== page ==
“You must cherish the one who cherishes you,” a verse of a poem by Saud bin Jum’an al Mutairi, written on a wall in al Suweidi, Riyadh. Lyrics of poetry and folk songs are one of the most commonly graffitied themes in the kingdom.
“We demand the fall of the male guardianship for Saudi women,” in Al Sihha road, Mugharazat, Riyadh. The campaign to end the male guardianship for women has been gaining momentum over the past 180+ days, has grown bold and all-inclusive, activating Saudi women of all walks of life. This is certainly not the only graffiti about the campaign, but they are quickly getting removed. At the same time that Saudi women have gained presence in the kingdom’s streets, these manifestations are quickly being erased.
“I am a Saudi citizen free and independent”. In female voice in Riyadh, Granada district, by Balqis al Rashed. Women’s visibility on Saudi Arabia’s street walls has been emerging in the past few years. These expressions are isolated and scattered, and are often very quickly crossed over or whitewashed.
"Oil an unemployment," on a wall in Qatif in the eastern province, which is rich in oil. Saudi Arabia has 12% general unemployment and 40% youth unemployment.
“Oil an unemployment,” on a wall in Qatif in the eastern province, which is rich in oil. Saudi Arabia has 12% general unemployment and 40% youth unemployment.
“Birds that breed in the cage believe that freedom is a crime,” a quote by Alejandro Jodorowsky and made by Su, who is a Saudi graffiti quote-writer. Sometimes he writes his own quotes, but often he engages his audience to submit lines for him to put out in the streets of Riyadh.

Kuwait

“Long live Kuwait,” in Kuwait City. Many abandoned buildings and houses from the Iraqi invasion in 1990 have become canvases for graffiti writers and street artists. It is unknown when these walls were graffitied, but their Western pop-culture aesthetics and influences are discernable. Some nationalist and religious graffiti can also be found among Western idols, popularised symbols and graffiti fonts.
Like other cities in the GCC, Kuwait’s graffiti is scattered across the city with aesthetics and written purposes ranging from the emerging popular art to the Bidoun (stateless people) writings calling for statehood. Still dominating is graffiti in the spaces where there are remnants of the Gulf war.
7 city is a very common tagger in Kuwait city. His graffiti can be spotted in different fonts on Kuwait’s abandoned buildings.

“I am gay,” written on a wall in Kuwait city. LGBTQ are stigmatised in Gulf countries, but still Kuwait’s abandoned buildings provided a space for individuals and communities’ deepest secrets.

Oman

"Precious nation," written on a door in Muscat.
“Precious nation,” written on a door in Muscat.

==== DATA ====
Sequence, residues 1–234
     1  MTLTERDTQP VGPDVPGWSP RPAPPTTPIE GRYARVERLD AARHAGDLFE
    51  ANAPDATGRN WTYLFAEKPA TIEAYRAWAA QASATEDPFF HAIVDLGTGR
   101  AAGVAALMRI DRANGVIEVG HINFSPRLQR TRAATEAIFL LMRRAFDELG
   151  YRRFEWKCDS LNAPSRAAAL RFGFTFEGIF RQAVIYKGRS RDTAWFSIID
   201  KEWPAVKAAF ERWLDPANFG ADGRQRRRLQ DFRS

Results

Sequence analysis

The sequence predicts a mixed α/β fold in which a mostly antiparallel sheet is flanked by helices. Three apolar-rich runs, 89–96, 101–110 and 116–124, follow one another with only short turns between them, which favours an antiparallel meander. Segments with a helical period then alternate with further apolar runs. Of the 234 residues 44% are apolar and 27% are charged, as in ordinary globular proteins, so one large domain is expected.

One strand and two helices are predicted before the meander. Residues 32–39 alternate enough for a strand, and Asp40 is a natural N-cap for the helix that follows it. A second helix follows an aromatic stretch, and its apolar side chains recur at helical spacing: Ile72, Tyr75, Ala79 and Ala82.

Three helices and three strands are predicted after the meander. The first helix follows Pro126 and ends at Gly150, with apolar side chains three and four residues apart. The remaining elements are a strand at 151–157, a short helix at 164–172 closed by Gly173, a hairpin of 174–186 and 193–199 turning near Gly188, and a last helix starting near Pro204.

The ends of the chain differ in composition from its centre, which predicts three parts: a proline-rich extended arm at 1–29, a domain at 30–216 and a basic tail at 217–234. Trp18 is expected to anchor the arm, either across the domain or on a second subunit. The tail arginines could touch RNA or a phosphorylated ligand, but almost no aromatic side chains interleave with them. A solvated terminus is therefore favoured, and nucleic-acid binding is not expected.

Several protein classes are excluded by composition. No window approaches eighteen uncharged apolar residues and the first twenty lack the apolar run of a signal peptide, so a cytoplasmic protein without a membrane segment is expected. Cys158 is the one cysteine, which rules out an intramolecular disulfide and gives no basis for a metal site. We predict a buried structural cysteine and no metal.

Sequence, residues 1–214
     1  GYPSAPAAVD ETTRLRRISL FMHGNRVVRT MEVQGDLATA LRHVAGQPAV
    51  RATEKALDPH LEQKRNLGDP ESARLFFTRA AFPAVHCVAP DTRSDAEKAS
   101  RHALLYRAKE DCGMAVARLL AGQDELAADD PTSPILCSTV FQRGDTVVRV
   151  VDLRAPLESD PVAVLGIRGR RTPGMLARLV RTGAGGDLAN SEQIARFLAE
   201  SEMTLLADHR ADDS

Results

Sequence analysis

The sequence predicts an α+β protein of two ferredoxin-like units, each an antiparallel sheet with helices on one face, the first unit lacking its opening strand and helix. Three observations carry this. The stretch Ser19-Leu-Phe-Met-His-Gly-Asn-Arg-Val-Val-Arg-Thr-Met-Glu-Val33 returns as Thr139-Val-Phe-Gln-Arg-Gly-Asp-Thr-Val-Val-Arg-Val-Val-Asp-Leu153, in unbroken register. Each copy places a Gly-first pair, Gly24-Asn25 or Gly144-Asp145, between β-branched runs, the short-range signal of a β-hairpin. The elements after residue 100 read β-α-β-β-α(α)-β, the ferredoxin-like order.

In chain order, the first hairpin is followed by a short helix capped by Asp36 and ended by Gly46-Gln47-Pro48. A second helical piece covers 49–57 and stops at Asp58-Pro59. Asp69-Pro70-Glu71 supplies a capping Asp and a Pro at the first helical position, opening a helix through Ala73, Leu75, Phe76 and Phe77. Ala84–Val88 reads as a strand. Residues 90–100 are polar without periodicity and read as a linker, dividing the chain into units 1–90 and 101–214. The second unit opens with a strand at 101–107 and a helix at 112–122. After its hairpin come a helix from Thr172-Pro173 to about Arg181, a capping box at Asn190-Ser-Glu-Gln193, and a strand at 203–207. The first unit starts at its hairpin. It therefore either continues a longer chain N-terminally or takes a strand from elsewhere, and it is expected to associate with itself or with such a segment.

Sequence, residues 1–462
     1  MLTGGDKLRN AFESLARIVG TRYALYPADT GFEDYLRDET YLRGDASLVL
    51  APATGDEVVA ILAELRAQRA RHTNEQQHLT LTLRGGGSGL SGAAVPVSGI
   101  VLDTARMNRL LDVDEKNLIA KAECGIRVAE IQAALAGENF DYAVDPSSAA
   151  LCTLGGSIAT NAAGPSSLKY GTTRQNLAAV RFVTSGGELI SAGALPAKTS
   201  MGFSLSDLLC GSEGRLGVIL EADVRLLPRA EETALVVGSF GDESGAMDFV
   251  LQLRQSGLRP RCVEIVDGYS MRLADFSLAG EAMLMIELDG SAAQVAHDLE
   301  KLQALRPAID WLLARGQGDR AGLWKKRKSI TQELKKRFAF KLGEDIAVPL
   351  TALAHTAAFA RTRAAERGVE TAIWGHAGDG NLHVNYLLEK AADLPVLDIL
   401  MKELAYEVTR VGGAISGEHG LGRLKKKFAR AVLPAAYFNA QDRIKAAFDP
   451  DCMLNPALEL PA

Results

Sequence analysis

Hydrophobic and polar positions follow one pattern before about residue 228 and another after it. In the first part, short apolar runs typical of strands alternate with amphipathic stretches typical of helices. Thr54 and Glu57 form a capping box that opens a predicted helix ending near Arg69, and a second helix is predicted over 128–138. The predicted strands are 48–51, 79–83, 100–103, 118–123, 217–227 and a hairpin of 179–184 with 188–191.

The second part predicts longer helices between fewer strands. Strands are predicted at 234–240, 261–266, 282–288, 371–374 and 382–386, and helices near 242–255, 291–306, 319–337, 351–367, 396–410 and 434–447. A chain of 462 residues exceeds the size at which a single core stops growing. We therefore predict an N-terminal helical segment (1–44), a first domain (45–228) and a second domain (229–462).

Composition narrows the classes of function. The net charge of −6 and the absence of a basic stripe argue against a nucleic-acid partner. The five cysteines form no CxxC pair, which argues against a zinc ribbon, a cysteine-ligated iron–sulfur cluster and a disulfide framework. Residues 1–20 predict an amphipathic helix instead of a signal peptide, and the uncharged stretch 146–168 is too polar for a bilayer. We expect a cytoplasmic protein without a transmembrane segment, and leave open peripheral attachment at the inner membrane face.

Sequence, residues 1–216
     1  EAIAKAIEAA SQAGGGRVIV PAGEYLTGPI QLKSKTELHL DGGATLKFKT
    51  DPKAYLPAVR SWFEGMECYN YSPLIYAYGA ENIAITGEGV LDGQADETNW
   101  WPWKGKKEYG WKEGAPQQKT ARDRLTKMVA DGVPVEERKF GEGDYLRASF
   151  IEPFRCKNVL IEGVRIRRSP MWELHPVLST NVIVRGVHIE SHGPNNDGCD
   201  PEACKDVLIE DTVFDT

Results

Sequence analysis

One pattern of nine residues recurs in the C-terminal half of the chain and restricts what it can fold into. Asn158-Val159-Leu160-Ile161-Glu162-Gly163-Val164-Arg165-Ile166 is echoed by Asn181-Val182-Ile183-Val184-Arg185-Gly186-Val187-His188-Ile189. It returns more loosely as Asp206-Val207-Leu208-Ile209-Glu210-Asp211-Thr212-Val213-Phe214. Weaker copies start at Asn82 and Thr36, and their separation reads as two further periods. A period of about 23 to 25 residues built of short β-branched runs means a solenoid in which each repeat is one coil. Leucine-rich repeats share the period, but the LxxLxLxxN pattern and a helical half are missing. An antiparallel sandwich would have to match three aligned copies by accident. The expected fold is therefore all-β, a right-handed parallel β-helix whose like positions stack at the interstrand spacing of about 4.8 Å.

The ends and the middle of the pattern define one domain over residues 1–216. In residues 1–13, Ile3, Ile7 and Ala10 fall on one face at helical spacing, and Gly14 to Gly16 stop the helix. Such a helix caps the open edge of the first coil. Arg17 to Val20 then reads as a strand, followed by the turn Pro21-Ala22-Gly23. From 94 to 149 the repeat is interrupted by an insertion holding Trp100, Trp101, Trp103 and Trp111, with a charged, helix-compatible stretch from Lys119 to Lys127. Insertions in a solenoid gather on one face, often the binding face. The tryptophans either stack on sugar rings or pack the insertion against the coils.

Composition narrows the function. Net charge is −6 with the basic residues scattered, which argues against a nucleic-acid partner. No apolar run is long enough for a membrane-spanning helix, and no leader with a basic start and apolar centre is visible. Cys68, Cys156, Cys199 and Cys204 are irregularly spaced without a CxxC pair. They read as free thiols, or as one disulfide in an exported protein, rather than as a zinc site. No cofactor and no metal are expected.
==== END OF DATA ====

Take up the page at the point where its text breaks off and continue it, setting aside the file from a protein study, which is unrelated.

“In the name of Allah,” graffitied on an aluminum structure in the middle of Wahiba sands in the Rub’ al-Khali (Empty Quarter) desert in Oman.
Among the very little graffiti to be found in Oman, nationalism and rap are prevailing themes. One common phrase is “Oman is one pulse,” which can be found even on rocks, like this one near a secluded beach in Muscat’s outskirts.
"Allah," on a mud wall in Nizwa, Oman.
“Allah,” on a mud wall in Nizwa, Oman.

Qatar

In Doha’s outskirts and those areas inhabited by expat communities, much of the graffiti asserts one’s racial or national identity. “Baluch” is one dominant identity marked on Doha’s walls, even though Oman and the UAE are more populated by them. 50 Cent is celebrated here, in line with how many Western hip hop icons are esteemed in GCC cities.

“No wind shakes you, bu Azooz,” is a line derived from the old Arabic proverb “Oh mountain, no wind shakes you,” which signifies strength and resilience, and is a common expression used in numerous colloquial song lyrics. Bu Azooz is a name tag; also seen here are 3-digit tribal codes, a common graffiti practice in the Gulf.

United Arab Emirates

It is more common to find graffiti in UAE’s smaller local and expat communities and towns, where themes include hip hop, religion, rebellion and profanity as is depicted here in Al Qadisiya, Sharjah.
Religious graffiti, presumably written by someone from the migrant community, in Abu Dhabi’s short alleyways.
“Palestine”. Palestinian solidarity and belonging is a dominant graffiti theme in the Arab world, and in elsewhere as well. It is in less abundance in the Gulf than the Levant, yet it always sneaks up in the most unexpected places, like this sign in an underpass near the Abu Dhabi corniche.
“Jaded dreams of freedom,” by the infamous Dubai graffiti writer Arcadia Blank, near the Marina Mall in Dubai.

This photo essay was first published, in a shorter form, in Gulf Affairs, published by Oxford University’s Gulf and Arab Peninsula Studies Forum.